#DaredevilDedication – Hollard calls on all Daredevils to dedicate their run to someone they know or love who has been affected by cancer. Runners can share their dedications on signboards, or even write them on themselves, seeing as there will be so much skin on show!

Who will you run for?

CANSA: Newsletter March 2018

Available for download:

Balance your Lifestyle Today for a Lower Cancer Risk Tomorrow

The Cancer Association of South Africa (CANSA), says leading a balanced lifestyle ( can help lower the cancer risk and agrees with the World Cancer Research Fund –  people can reduce their cancer risk in one third of cancer cases, by simply combining a wholesome eating programmemaintaining a healthy body weight and remaining physically active.

According to Elize Joubert, CANSA CEO, “Being overweight or obese is linked to a higher risk of several cancers. Many people in South Africa are overweight, including children and teens. In fact, we have the highest occurrence of obesity in sub-Saharan Africa, with 42% women and 13% men carrying this label, while 7% of boys and 9.6% girls present as obese. So our message is to eat smart to lessen the cancer risk.” *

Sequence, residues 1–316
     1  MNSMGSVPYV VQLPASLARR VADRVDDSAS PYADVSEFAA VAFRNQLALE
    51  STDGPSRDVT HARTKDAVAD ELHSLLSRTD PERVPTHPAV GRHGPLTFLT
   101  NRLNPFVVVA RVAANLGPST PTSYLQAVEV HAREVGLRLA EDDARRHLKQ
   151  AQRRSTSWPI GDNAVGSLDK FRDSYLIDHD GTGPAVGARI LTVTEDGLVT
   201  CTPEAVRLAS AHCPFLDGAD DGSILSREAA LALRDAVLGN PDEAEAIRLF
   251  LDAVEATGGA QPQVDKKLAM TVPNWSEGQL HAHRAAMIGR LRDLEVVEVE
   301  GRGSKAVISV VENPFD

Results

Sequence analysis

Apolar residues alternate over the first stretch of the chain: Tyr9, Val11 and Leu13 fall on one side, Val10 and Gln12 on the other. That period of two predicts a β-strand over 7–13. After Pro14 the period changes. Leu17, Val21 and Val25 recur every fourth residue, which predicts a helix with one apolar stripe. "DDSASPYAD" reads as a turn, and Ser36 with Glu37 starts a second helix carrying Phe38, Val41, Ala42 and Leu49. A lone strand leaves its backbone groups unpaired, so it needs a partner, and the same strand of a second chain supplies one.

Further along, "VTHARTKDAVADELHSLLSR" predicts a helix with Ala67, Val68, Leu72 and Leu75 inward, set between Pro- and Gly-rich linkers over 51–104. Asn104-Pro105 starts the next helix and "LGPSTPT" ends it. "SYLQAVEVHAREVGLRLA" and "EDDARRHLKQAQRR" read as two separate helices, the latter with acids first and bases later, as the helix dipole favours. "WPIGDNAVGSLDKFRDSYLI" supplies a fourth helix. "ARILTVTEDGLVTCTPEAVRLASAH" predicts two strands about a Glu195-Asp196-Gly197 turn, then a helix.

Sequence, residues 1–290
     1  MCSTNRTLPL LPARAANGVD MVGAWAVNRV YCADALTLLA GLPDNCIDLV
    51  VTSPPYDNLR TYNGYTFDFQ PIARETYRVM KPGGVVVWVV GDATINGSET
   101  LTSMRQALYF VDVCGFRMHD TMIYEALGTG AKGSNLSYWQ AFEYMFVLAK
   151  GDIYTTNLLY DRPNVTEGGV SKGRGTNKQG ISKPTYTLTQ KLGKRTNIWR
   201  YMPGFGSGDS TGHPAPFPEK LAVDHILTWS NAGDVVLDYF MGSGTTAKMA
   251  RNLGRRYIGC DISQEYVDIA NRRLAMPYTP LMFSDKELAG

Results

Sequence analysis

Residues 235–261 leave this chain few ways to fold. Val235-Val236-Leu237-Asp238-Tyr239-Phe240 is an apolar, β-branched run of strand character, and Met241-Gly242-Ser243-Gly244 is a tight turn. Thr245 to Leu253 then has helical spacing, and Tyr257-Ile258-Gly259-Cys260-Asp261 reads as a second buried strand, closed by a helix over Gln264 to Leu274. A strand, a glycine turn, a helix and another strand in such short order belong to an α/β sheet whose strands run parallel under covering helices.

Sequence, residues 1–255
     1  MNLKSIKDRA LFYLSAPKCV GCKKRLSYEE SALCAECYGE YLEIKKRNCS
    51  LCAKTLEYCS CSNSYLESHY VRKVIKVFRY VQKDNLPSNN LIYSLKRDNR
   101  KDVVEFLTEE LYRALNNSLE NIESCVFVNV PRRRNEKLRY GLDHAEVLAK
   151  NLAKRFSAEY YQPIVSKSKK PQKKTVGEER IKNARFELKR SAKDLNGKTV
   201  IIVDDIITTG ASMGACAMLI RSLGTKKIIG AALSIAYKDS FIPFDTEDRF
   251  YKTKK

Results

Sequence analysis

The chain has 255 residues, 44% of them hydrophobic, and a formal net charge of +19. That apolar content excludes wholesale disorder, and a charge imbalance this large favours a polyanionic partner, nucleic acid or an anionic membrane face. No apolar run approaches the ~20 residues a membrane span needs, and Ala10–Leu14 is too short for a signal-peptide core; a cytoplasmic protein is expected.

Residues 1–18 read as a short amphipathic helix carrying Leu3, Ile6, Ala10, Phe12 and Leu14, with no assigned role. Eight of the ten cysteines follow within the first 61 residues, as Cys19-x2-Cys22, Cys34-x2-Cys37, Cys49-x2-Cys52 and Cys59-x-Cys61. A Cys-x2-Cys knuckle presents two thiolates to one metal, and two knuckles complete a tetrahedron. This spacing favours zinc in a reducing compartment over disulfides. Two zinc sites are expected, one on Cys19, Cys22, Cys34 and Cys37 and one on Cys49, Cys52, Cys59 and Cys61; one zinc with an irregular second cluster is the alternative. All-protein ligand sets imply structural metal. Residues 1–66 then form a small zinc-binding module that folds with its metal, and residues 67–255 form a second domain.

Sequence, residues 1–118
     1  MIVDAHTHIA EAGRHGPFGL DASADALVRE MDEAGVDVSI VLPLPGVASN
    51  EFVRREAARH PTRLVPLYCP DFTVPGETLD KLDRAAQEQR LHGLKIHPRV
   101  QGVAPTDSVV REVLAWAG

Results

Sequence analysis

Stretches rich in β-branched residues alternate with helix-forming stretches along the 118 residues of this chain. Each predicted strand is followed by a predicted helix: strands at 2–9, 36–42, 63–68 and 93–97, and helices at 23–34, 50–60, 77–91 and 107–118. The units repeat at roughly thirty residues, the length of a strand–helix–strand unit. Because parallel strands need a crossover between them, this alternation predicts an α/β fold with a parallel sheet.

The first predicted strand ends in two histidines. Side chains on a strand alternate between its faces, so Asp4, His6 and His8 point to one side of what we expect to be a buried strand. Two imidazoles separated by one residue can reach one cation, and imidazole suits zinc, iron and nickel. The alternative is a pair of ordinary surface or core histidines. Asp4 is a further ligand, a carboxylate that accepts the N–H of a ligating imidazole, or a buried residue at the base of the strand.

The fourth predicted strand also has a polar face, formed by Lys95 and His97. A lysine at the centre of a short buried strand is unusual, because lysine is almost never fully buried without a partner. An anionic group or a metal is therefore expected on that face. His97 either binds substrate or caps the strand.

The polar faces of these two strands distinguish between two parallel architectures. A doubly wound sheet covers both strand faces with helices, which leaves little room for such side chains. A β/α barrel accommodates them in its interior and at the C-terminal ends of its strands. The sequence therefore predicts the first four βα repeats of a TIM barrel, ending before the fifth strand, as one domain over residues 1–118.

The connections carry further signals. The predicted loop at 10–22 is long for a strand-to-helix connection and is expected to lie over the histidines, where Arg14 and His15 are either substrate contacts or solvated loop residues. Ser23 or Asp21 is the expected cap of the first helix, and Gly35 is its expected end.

CANSA recommends the following smart nutrition tips:

  • Have less high sugar content food and beverages on an ongoing basis.
  • Eat little, if any, processed meat such as ham and bacon and eat no more than 500g (cooked weight) red meat (beef, pork, lamb) per week.  Instead, consume other protein sources such as fish, poultry or beans.
  • On a daily basis eat a minimum of 2.5 cups of vegetables and fruit.  These are complex foods that contain beneficial vitamins, minerals, fibre, carotenoids, and other bioactive substances, that may help avert cancer.
  • Choose whole grains instead of refined grain products.
  • Eat less salt and limit salt intake to below 6g (2.4g sodium) a day.
CANSA Balanced Lifestyle

Combined with eating smart, CANSA further endorses limiting inactive behaviours such as sitting, lying down, watching television, or other forms of screen-based entertainment, and rather get physically active to help maintain a healthy body weight. Instead of using the escalator or lifts, climb the stairs; whenever possible walk or bike to your destination; exercise at lunch with your co-workers, family or friends; take an exercise break at work to stretch or take a quick walk; walk to visit co-workers instead of sending an email; go dancing with your spouse or friends; go for walks in your neighbourhood or form a walking group.